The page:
Synopsis: Seized by customs upon entry to the United States, subject of a heated Supreme Court battle, banned in cities around the world, Vilgot Sjöman’s I Am Curious—Yellow is one of the most controversial films of all time. This landmark document has been declared both obscene and revolutionary.
It tells the story of Lena (Lena Nyman), a searching and rebellious young woman, and her personal quest to understand the social and political conditions in 1960s Sweden, as well as her bold exploration of her own sexual identity. I Am Curious—Yellow is a subversive mix of dramatic and documentary techniques that attacks capitalist injustices and frankly addressing the politics of sexuality.
Jag är nyfiken – en film i gult 6.5
eyelights: its political discourse. its sexy bits. its quirky bits. its unusual structure
eyesores: its bland plot. its indulgent length. its unusual structure.
‘Jag är nyfiken – en film i gult’ is a Swedish film that was the opening salvo in the failed Swedish New Wave movement and a turning point in changing sexual mores. Released in 1967, as the first part of a two-film sequence, it was reviled by critics though it fascinated the public, being the first sexually-explicit film to play in standard cinemas in some regions. It was one of the highest grossing films in the United States in 1969.
The picture, which is a combination of interview footage, pseudo-documentary, and fiction, shows Lena, an aspiring actress, interviewing common Swedes about their political beliefs for her lover, director Vilgot Sjöman. Politically active, Lena goes to protests at various embassies, makes bold statements to audiences via hand-written posters and meets with populist figures such a future Prime Minister Olof Palme and Martin Luther King Jr.
Yes, the real Martin Luther King.
It’s little surprises like this one that make of ‘Jag är nyfiken – en film i gult’ a minor treat. Buried in its many layers of political discourse are moments like those as well as curious choices in editing (ex: the opening introduction to our leads), interludes (ex: a contest to guess what’s in Lena’s bag), a constant blurring of fact and fiction (ex: the fantasy sequence with Sweden’s last monarch) or the filmmakers selling their film in overdub.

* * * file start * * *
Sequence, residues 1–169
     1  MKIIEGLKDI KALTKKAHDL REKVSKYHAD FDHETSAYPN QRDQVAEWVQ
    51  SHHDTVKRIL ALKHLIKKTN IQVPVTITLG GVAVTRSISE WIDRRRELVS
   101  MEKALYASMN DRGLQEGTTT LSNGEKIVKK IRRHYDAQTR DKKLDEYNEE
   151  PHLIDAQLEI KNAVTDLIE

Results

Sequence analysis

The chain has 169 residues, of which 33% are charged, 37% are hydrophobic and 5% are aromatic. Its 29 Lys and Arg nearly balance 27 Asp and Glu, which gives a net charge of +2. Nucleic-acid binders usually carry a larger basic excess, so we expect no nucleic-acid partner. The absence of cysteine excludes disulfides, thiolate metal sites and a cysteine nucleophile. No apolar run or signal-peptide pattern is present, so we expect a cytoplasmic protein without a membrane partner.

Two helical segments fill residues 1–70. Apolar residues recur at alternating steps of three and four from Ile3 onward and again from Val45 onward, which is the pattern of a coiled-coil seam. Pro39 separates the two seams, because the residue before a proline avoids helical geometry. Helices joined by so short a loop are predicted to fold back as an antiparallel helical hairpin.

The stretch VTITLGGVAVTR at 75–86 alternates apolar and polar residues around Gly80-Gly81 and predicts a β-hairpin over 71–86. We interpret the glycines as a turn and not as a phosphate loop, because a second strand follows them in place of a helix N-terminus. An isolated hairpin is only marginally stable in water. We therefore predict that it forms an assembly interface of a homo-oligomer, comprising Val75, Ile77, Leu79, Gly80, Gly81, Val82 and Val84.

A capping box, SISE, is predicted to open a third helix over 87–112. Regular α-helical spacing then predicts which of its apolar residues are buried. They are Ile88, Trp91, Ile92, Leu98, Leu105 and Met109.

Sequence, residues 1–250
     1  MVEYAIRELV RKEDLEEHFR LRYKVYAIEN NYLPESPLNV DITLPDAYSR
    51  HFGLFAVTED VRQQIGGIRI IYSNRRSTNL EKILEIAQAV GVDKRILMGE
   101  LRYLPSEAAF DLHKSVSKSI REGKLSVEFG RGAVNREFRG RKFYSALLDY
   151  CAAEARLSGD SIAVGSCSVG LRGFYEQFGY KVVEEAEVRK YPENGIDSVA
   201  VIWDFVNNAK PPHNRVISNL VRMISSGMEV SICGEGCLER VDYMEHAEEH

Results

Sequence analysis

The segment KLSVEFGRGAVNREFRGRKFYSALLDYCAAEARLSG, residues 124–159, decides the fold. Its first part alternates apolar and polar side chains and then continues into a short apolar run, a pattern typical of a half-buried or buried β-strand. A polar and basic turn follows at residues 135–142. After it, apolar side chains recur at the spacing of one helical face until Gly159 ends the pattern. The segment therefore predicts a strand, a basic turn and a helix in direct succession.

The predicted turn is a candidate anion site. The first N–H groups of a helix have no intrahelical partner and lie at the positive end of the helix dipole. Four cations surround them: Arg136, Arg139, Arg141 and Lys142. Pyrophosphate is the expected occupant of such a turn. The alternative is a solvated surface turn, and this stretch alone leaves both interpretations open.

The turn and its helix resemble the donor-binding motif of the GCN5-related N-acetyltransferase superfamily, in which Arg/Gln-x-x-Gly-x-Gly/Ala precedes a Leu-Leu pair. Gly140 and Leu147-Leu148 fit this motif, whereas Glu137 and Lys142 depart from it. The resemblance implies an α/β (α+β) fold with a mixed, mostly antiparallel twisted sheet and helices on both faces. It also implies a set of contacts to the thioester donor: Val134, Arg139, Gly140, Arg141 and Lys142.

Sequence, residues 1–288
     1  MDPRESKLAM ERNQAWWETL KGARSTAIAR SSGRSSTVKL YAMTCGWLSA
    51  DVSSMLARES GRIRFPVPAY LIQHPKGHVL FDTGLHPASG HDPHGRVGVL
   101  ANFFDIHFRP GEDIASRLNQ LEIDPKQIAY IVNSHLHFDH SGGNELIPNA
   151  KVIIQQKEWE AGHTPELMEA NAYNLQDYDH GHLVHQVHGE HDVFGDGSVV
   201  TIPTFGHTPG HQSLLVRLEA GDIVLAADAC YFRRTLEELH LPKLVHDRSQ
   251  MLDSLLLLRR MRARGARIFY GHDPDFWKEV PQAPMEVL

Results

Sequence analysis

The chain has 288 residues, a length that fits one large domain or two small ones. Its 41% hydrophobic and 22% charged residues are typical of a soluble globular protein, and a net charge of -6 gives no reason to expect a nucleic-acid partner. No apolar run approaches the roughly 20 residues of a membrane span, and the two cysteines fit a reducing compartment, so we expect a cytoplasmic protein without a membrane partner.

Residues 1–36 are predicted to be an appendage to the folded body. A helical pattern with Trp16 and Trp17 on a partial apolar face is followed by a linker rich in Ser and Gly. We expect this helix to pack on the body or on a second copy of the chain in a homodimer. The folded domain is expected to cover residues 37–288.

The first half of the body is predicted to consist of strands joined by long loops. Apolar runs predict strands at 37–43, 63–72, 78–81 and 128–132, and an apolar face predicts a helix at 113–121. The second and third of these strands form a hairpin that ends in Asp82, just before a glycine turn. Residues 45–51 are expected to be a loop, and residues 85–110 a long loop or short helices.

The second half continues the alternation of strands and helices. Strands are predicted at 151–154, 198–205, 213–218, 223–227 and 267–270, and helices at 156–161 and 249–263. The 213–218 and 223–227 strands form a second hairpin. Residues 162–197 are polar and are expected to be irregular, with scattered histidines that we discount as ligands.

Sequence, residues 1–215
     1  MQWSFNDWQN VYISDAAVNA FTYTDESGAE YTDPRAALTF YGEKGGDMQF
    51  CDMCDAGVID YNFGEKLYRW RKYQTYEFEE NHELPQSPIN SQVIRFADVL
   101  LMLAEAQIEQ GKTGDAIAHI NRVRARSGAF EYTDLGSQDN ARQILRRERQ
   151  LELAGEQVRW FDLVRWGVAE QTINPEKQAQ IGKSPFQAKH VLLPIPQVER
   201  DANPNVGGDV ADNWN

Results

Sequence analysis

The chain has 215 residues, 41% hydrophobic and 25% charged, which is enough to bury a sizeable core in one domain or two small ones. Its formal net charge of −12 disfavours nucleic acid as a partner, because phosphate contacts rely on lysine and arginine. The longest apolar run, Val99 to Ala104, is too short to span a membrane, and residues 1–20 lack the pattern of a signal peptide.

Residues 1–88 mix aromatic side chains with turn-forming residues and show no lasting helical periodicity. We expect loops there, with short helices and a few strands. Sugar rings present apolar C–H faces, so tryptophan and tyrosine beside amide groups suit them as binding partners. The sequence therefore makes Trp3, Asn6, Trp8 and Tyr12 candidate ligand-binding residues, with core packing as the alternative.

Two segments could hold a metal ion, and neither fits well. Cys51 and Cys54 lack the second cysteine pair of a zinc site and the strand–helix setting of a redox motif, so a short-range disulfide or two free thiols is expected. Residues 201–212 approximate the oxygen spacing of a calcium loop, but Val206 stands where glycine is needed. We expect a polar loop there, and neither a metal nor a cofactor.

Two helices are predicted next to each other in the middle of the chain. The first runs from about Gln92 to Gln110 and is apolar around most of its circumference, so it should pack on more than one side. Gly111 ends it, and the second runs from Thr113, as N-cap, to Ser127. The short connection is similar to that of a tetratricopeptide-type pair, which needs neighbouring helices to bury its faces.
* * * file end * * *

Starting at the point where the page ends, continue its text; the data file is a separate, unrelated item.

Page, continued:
But it all comes crashing down to Earth with the core plot, which finds Lena being fascinated with Börje, her co-star, and taunting Vilgot to set up a love-making scene with him in their film. Naturally, they end up having a love affair, she discovers that he already has a partner and child, gets upset, leaves town, he tracks her down, they make up, break up, make up again, and everything ends as it started, but with Börje in Vilgot’s stead.
Yeah… it’s not especially original or interesting, no matter how watchable Lena is and how naughty some of her encounters with Börje are. I was really stunned to see just how explicit the picture is given the era, showing us full frontal nudity of both actors, a few compromising positions and even oral-genital contact from both participants. You’d think that it would at least titillate, but it’s somewhat buried in politics and tedium.
Frankly, I’m not a huge fan ‘Jag är nyfiken – en film i gult’. Though I love its quirky mish-mash of genres and appreciate the interviews because they illustrate how Sweden was on the cusp of massive societal change at the time, I find it unbearably long; though the first hour passes by with relative ease, the picture overstays its welcome – afterwards its much of the same but with a greater focus on the unfolding of its trite plot.
The performances at least were natural and believable; it became almost impossible to tell the difference between performance and real life. In fact, I frequently wondered if any of the interview footage was staged or if it was all real; it all blended so seamlessly. Even the sex scenes appeared uncontrived, realistic; I felt like I was watching a couple of true-life lovers enjoying bliss together, with each other’s bodies, warts and all.
But it’s not enough for me to truly relish ‘Jag är nyfiken – en film i gult’. Perhaps if I had a better understanding of Swedish culture, I could properly grasp just how significant this motion picture is. And then maybe I’d derive a bit more enjoyment out of it. As it stands, however, it feels like an overstuffed 120 minutes that could have benefited from some judicial editing. To think that this was supposed to be over three hours long!
…which is why they released a companion film two years later.
God give me strength!
Date of viewing: December 18, 2016